Though not as water-tight or secure as Outcome 1, many of us consider this as something we can legitimately achieve within the framework of our existing security and judicial systems.

The key terrorist organizations are well known and even recognised as Foreign Terrorist Organisations by the US and other major nations. Why then, can't we go in and 'take them out?'

Similarly, many of us are outraged at the amount the Indian state is spending on keeping Ajmal Kasab in custody, and cannot understand why it is taking so many years to bring to closure, what should be an open-and-shut case.

Regrettably the truth is that no matter how desirable this outcome, geo-political considerations make preemption difficult, if not impossible. As for the speed of our judicial system, it will take a while to expedite, and a much larger issue than dealing with terrorism.

Though in theory, "Preemption and retribution" is a much more feasible outcome, than the first "No more terrorist attacks", practice it seems as difficult to achieve.


Outcome 3 : Harden selectively and recover swiftly

Outcome 3 : Harden selectively and recover swiftly

As a very wise and senior defence officer once told me, "A terrorist functions under the garb of an ordinary citizen. He becomes the enemy within. The only way to fully guard against terrorism is to police every citizen. If you can't do this then harden those targets that you feel must be protected, and ensure resiliency everywhere else. Your success is in a swift recovery -- if the terrorist knows he cannot keep you down or break your spirit -- he has failed."

This is the essence of Outcome 3. It is also the one that is most sustainable in the long run, and the most achievable in the immediate future.

A necessary first step is to identify locations that we wish to protect at all costs. These could be places like transport hubs, schools and hospitals, places of religious worship, popular market places, administrative, legislative and judicial buildings, and police and defence establishments.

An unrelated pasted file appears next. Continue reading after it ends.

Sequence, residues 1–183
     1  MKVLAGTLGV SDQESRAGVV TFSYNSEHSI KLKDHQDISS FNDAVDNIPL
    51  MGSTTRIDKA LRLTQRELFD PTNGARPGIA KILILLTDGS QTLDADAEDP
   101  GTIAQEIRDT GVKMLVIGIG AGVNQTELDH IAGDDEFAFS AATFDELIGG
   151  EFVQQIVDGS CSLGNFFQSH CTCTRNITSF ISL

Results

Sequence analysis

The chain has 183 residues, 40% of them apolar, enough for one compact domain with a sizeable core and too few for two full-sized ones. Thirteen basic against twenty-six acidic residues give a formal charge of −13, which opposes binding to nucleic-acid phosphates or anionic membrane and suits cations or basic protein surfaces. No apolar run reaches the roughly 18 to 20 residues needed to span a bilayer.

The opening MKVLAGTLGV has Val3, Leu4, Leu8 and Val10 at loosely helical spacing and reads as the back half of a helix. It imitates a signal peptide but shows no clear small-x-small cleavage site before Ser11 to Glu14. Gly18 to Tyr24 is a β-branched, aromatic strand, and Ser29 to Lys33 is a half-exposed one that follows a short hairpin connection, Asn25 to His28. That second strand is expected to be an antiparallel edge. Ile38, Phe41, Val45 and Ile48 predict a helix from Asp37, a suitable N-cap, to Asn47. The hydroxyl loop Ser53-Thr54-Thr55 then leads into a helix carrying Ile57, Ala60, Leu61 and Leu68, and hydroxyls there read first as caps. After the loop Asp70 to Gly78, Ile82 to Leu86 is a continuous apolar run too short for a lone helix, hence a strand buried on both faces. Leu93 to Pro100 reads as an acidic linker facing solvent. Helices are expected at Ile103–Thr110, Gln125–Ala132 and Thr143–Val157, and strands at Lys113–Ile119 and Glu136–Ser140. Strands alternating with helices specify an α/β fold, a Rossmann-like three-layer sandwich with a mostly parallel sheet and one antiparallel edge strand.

Hardened infrastructure implies both adequate and up-to-date human and electronic surveillance. Likewise, resiliency does not merely rely on the 'spirit of the people' but means that disaster management and business-continuity measures must be instituted and tested regularly. Regular fire drills must be conducted and crisis management teams and business continuity protocols established at a building, locality and city-wide level. Measures to seal off escape routes as well as arrange speedy evacuation in the case of an incident must be taken and tested.

While the state can undertake this for public spaces and buildings, citizens should be encouraged to do the same for private spaces as well. The more "hardened" locations we have, the tougher it will be for terrorists to wreak havoc.

The interesting thing about focusing on this outcome is that it provides insurance against more than just terrorist attacks -- it creates resiliency for any kind of disaster.


It is time we tackled terrorism with pragmatic determination

It is clear that each of the above outcomes is different. The scale of resources, both financial and human, needed to achieve each of these is also different. What is important is that we take a realistic and pragmatic approach to deciding what is feasible and achievable for us in the Indian context.

Rather than bemoaning the past, this is the dialogue we should have on the anniversary of 26/11 and arrive at a bipartisan consensus on which outcome to focus on. Once our target outcome is clear, the chances that we will devote the necessary focus to achieving it, are significantly improved.

The war against terrorism is likely to be a long and prolonged one. It is time we tackled it with the pragmatic determination that is essential to help us prevail.

Meera Sanyal is the Country Executive & Chairperson of the Royal Bank of Scotland and the President of the Indian Liberal Group. The views expressed are personal.